Digital Signage: The Need to Manage Content
In recent years, the size of widescreen monitors has increased while prices have decreased, making digital displays more affordable for churches of all sizes. Managing this equipment comes with a host of challenges, such as the need to constantly update announcements, messages and video to keep the congregation informed.
With prices declining dramatically, digital signage is no longer solely the province of megachurches. To run displays on 21st- century message boards, monitors and TV screens, however, the right content management system must be chosen.
Twenty-first century communication methods are such a crucial part of operations at Southeast Christian Church in Louisville, Ky., that Rick Moore carries the title of digital signage manager.
The job includes overseeing 36 display screens powered by a combination of seven computers, which are linked to all monitors on the spacious campus and a satellite location in southern Indiana.
“It’s like a child,” Moore said of the far-flung network. “It has a personality and is different every day. Not a day goes by you don’t have to figure something out. With digital signage you’ve got computers, the Internet, the video side and cable. It keeps you on your toes.”
Moore manages three dozen monitors with the help of a Scala content management system (CMS). The software enables him to change messages from one display to another at a moment’s notice or switch to a live, televised feed from the worship center during services. Broadcasting the sermon over the network helps late arrivals and others throughout the building follow the message. That includes those who prefer to listen while seated in the megachurch’s coffee shop.
The ability to easily change displays is key to being able to update information in real time and keep it fresh. Failure to revise and update onscreen information means people will tune out the message, 11(says. The software also allows Moore to schedule content to appear at any time of day, such as class information that might only appear for an hour on Sunday morning.
In addition, although fancy display screens may look good, the foundation of the system is what feeds that display.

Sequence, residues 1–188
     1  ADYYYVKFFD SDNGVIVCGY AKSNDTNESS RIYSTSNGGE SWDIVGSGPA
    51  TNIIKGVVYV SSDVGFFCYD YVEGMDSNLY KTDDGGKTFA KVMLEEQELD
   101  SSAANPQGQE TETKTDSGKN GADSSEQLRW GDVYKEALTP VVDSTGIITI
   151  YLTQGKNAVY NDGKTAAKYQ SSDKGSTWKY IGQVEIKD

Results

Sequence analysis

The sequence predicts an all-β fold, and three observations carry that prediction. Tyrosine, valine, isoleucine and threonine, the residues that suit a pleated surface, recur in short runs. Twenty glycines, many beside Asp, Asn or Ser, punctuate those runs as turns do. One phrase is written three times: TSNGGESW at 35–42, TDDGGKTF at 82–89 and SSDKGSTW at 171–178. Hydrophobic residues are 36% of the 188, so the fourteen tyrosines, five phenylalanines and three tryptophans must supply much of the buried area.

“I like to think of it as changing billboards,” Moore said of his CMS. “Instead of printing out posters we can use screens to promote all sorts of things You can target different groups of people with things that are important to them.”
A Variety of Choices
Scala’s CMS system is just one of hundreds of options that churches can employ to manage digital feeds.
Typically, houses of worship have used PowerPoint, SaaS (Software as a System) or Enterprise-level CMS, says Mike Zmuda, director of business development at NEC Display Solutions, an Itasca, Ill.-based provider of display technology. Although a larger church with multiple screens might require a sophisticated CMS, PowerPoint or a low-cost SaaS subscription may provide the best option for a smaller church.
No matter what system a congregation chooses, ease of use should be the leading priority.
“If the system is not easy to use and update, it will go unused and the investment will be wasted,” Zmuda said. “They should also have a plan of what they would like to do with it before deciding on a CMS. What is the need today and what will it be in six months? That way they don’t have to replace the system, because they outgrew it.”
Churches also should take time to investigate options, Zmuda said. Often, church leaders turn to off-the-shelf flatscreen/DVD packages and end up facing headaches and unexpected costs when it comes to wiring, installation and content creation.
Getting the Best Advice
To help with selection, Moore recommends talking with churches that have maneuvered through a digital transition “so you don’t have to reinvent the wheel.” Chicago’s Willow Creek Community Church chose a similar route, attending a trade show to see equipment demonstrations.
Digital Signage: The Need to Manage Content
Dave Cooke, chief engineer at the church, says hiring a consultant, working with the product vendor or visiting existing installations also are possibilities.
“Whenever I see a new product I try to find out who else is using it,” Cooke said. “If there’s a local hospital using it, I might drive over and see what their graphics are like and what they’re doing with it.”
Zmuda says that allowing a company to function as an advisor means obtaining proper displays built for ease of use and a managed solution that takes the burden off church staff. It also means the advisor is responsible for timely installation and maintenance.
With a dizzying array of options on the market, however, Cooke recommends being prepared to spend considerable time investigating choices — and possibly winding up with more than one solution. For example, Willow Creek uses three different CMS set-ups for its network of nearly 60 screens.
Instead of trying to monitor content from one location, Willow Creek has chosen a decentralized set-up, with each ministry (i.e., junior high, high school, seniors, food service area) able to craft messages.
No matter what system a church chooses, the engineer says a dramatic decline in the price of large-screen monitors the past five years and the software options to manage content mean even smaller congregations can consider going digital.
“It’s an eye-catching thing,” Cooke said. `’You don’t have to put a sign up; you just put up a graphic.”
The article “Digital Signage: The Need to Manage Content” written by Ken Walker was excerpted from www.ChurchCentral.com , 2010.